20th Century Fox says that effective with the May 27 release of X-Men: Apocalypse, it will not honor clearances. One reason, per a Fox distribution suit, is so that 20th Century Fox can stay out of any litigation. Prior to the WSJ story, an owner of a small midwest theater chain phoned Deadline today to tell us about Fox’s latest decision and it wasn’t alarming. Here’s why: Fox already has a history of being consistently fair and equitable, particularly in regards to distribution issues that affect both large and small exhibitors alike. Five years ago I wrote a story about Flagship Theatres’ legal woes with Cinemark’s Century Theaters, and a then-Fox executive specifically told me that they didn’t tolerate circuit dealing: “My company doesn’t make a policy of stiffing the little guy in favor of the big one. It’s in no one’s favor. Besides, the studio decides what is competitive and we’re constantly doing research to analyze the environment and what makes it competitive.”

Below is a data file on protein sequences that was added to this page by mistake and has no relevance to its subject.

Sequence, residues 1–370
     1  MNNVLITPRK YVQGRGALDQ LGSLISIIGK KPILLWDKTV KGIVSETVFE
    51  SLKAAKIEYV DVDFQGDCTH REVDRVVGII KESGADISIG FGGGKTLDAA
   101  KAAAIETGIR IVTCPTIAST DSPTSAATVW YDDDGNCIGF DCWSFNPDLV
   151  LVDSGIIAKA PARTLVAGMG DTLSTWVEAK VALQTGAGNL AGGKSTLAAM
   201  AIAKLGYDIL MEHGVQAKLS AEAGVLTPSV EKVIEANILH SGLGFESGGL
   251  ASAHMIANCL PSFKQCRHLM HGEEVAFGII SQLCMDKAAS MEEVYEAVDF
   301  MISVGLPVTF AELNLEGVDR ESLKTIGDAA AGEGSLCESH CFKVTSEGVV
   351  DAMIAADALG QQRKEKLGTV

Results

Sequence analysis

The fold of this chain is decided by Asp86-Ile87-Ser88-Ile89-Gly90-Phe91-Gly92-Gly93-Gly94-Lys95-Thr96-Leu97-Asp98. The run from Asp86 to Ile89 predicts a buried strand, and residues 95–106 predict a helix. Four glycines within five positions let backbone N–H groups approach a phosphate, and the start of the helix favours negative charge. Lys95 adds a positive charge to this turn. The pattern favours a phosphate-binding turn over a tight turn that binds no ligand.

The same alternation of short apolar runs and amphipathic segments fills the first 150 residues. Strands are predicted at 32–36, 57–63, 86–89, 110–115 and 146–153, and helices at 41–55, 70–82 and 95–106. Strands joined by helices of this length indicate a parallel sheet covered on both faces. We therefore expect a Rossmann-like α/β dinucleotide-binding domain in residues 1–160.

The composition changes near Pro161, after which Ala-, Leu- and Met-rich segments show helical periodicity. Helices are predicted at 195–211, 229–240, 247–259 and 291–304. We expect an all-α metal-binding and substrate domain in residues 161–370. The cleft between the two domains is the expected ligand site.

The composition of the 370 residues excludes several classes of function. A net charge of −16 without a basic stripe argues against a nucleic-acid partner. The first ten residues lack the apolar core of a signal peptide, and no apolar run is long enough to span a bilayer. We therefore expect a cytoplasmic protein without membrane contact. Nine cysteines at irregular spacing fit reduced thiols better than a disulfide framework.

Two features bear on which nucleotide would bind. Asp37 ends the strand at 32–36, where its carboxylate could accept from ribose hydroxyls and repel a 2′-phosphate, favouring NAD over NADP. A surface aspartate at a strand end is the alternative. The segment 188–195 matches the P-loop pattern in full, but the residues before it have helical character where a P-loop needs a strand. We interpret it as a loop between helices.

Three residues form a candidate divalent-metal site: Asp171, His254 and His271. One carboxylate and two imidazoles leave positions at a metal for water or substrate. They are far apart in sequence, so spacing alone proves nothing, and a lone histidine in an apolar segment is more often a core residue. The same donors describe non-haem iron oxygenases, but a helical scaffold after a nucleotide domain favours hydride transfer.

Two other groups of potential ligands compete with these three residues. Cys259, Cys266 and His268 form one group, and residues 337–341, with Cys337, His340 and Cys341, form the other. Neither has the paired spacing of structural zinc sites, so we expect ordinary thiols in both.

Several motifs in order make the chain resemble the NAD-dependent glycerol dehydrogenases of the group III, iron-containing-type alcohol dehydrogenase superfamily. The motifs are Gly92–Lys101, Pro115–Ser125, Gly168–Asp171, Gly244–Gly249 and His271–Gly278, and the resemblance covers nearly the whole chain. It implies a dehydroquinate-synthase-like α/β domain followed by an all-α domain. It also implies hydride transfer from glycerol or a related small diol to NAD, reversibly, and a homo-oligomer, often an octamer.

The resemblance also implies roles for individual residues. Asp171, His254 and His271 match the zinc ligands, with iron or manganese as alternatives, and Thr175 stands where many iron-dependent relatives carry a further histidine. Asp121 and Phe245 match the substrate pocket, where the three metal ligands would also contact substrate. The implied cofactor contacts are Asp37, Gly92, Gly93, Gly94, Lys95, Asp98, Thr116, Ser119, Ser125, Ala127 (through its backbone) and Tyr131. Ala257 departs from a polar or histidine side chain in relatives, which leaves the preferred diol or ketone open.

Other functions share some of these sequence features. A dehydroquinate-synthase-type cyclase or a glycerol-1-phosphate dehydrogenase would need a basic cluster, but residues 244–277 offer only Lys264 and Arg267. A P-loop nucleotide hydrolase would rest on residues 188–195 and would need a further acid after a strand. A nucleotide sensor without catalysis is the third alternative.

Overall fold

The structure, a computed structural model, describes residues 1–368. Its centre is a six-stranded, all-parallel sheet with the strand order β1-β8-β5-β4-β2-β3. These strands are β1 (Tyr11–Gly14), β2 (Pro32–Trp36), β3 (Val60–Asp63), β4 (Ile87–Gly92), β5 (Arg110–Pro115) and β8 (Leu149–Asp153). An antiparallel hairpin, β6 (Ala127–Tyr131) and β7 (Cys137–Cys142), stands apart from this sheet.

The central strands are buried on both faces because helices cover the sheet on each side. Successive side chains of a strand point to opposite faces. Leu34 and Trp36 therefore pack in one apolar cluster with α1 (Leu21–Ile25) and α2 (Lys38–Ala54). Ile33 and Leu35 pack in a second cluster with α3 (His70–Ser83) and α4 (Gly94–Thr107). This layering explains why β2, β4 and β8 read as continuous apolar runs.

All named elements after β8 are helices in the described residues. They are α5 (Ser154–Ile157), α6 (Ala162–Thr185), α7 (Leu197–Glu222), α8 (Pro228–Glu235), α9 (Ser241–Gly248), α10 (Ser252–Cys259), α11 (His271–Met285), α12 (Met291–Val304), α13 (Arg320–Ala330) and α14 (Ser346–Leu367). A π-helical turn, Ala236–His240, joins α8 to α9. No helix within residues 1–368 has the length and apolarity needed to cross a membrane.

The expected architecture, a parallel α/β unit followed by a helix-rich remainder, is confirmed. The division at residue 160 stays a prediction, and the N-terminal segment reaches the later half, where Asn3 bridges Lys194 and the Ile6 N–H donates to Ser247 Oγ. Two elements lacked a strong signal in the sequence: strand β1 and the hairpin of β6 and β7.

In this day and age when a film like Disney’s Star Wars: The Force Awakens breaks a slew of records and becomes the highest grossing film of all time at the domestic B.O. with a total $933.9M, major studios can’t afford to acquaint themselves with theaters’ clearance requests since there’s no financial gain in it. When a studio needs a film to be everywhere, it’s everywhere. Also with the different types of movie theaters that exist today from PLFs to restaurant/multiplex combos, Fox believes the consumer should have the right to choose where they’ll see a movie. This puts some pressure on exhibition to provide a better experience than their competition down the street. Generally, in regards to clearances, it’s the smaller distributors who find themselves being strong-armed by big chain requests: They can’t afford to live without big exhibition, especially when they’re trying to cross a successful limited release over to a mainstream audience.